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In this Oct. 31, 2008, file photo, the Washington Post building is seen in Washington. The Washington Post Co. said Wednesday, Feb. 24, 2010, its fourth-quarter profit more than quadrupled. Its cable TV and education divisions provided most of the lift, although the publishing segment also made money after large cost cuts.(AP Photo/Gerald Herbert, File)

Free speech dies in darkness

Felicia Sonmez, a journalist at Washington's other newspaper, was one of the few who weighed in after Bryant's death with a discordant note. As news of the helicopter crash broke, she tweeted a link to a Daily Beast article recounting the details of a 2003 sex assault charge that was brought against the then-Laker. (The case was eventually dropped and Bryant paid an undisclosed settlement.) Published January 27, 2020

People gather at a memorial for Kobe Bryant near Staples Center Monday, Jan. 27, 2020, in Los Angeles. Bryant, the 18-time NBA All-Star who won five championships and became one of the greatest basketball players of his generation during a 20-year career with the Los Angeles Lakers, died in a helicopter crash Sunday. (AP Photo/Ringo H.W. Chiu)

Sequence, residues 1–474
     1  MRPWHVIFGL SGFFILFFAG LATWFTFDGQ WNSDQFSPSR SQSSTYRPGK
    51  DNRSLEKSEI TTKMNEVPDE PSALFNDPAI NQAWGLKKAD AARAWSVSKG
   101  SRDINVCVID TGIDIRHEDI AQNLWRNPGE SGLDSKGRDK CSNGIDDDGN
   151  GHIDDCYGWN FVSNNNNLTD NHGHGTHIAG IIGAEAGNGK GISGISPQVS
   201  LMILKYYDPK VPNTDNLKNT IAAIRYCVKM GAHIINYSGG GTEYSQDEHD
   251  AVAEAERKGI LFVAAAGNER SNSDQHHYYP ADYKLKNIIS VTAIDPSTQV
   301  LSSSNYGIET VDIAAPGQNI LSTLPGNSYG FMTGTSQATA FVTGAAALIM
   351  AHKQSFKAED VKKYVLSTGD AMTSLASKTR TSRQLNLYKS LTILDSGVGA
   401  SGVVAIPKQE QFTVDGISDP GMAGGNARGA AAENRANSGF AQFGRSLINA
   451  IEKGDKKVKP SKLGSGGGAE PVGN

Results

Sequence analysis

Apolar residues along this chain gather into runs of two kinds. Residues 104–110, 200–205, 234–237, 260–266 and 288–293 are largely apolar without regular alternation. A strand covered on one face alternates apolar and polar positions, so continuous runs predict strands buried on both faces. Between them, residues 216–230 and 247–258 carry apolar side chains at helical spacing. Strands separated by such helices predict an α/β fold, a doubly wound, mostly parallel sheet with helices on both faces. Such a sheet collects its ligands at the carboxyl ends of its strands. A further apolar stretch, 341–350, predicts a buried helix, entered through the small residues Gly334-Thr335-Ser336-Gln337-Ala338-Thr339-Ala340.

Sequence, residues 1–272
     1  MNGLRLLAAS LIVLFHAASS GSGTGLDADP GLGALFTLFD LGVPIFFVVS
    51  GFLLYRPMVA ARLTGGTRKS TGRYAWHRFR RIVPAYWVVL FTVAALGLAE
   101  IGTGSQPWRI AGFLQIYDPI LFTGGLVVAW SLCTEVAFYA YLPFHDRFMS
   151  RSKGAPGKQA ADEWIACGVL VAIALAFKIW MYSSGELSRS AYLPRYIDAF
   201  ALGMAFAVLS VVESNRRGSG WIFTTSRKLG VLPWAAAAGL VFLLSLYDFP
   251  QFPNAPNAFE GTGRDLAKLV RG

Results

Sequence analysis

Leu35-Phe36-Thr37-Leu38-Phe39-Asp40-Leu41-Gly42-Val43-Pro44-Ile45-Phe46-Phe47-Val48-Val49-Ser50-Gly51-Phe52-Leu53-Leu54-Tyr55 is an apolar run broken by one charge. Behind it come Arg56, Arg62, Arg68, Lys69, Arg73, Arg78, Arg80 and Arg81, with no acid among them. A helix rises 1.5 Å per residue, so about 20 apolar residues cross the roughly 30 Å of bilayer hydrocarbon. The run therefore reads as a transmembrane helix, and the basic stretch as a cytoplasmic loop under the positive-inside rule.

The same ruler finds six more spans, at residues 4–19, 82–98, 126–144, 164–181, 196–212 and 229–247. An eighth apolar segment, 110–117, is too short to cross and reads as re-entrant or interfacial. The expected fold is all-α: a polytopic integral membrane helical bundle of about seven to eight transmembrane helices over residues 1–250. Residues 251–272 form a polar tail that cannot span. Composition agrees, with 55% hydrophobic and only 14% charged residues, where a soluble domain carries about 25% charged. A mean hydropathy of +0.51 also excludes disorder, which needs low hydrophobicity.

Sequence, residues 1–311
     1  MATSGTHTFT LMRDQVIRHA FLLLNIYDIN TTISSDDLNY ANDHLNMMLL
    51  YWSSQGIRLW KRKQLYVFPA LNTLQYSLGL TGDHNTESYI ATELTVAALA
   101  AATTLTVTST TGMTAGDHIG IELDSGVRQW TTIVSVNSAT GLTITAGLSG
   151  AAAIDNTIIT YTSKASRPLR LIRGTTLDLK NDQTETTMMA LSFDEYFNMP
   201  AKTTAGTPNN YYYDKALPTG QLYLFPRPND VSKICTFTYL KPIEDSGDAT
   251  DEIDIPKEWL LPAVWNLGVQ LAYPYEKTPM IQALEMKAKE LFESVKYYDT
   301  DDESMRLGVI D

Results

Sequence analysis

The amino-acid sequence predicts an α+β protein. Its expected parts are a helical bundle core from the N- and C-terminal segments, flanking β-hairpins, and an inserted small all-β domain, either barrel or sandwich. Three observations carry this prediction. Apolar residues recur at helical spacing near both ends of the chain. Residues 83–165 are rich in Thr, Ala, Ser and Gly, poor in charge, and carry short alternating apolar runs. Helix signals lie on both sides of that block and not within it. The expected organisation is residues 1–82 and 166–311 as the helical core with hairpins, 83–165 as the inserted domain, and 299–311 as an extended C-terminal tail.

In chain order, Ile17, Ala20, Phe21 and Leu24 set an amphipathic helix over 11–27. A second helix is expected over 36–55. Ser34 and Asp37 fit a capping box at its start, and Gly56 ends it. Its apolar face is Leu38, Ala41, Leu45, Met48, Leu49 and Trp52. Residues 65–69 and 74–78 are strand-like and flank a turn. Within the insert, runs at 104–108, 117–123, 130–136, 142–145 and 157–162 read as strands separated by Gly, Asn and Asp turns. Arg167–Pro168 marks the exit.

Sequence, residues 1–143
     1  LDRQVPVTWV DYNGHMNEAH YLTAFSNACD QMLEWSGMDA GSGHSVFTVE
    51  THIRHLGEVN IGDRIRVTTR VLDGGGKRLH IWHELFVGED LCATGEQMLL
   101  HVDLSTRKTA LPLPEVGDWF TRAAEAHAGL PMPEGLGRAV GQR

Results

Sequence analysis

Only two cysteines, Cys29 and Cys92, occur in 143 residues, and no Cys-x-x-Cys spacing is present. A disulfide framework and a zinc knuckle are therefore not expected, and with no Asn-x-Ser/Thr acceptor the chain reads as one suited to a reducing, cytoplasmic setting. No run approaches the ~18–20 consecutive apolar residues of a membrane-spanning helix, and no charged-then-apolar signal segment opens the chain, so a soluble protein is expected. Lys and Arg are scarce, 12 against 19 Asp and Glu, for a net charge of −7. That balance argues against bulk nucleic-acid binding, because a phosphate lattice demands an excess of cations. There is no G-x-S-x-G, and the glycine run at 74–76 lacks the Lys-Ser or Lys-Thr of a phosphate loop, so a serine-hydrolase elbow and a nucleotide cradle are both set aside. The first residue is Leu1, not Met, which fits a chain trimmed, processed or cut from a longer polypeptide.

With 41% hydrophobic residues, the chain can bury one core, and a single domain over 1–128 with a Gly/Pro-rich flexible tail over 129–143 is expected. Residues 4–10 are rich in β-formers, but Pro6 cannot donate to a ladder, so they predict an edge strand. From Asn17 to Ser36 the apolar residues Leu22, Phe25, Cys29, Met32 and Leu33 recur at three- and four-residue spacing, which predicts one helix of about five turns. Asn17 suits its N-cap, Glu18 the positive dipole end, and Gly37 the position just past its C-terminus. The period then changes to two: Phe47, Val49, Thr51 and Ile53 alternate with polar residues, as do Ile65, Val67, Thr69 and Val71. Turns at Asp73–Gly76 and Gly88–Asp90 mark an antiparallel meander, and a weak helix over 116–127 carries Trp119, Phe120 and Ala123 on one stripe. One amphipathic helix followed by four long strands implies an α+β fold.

Kobe Bryant, 1978-2020

It's a stark reminder that athletes burn bright and flame out fast that Kobe Bryant was only 41 years old when he died in a helicopter crash on Sunday morning. It seems almost unbelievable that somebody so accomplished could have been so young. Published January 27, 2020

Senate should acquit Trump

Republicans should resist the temptation to summarily dismiss the House's deficient impeachment charges against President Trump. Otherwise, Democrats will continue scavenging for more "evidence" to revive the charges by addendum, ad nauseum. Published January 27, 2020

Bryant will be missed

I am an unapologetic Boston Celtics basketball fan. I cheer them on with determined TV-watching-fan loyalty. I have my short list of opposing players I loved to root against; these super stars are so despicably great at what they do, at getting their way too often at my Celtics' expense, that I can't help but to respect and admire them. Published January 27, 2020

What evidence?

It isn't practical to respond to each issue presented in Andrew P. Napolitano's recent op-ed, "Trump's trial is not a charade but deadly serious business based on constitutional norms" (Web, Jan. 22). But I can briefly respond to the following sentence: "In Mr. Trump's case, though the House chose delicately not to accuse the president of specific crimes, there is enough evidence here to do so." Published January 26, 2020

Give GOP witnesses, too

House Speaker Nancy Pelosi and her goslings had at least 19 "witnesses" appear before the committees during Mrs. Pelosi's official impeachment proceedings, which began on Sept. 24, 2019. Democrats were the only ones to call witnesses, as Mrs. Pelosi wouldn't allow the president or any Republicans to call witnesses. That makes the score 19 for the Democrats, 0 for the president. Published January 26, 2020

Rest in peace, Mr. Lehrer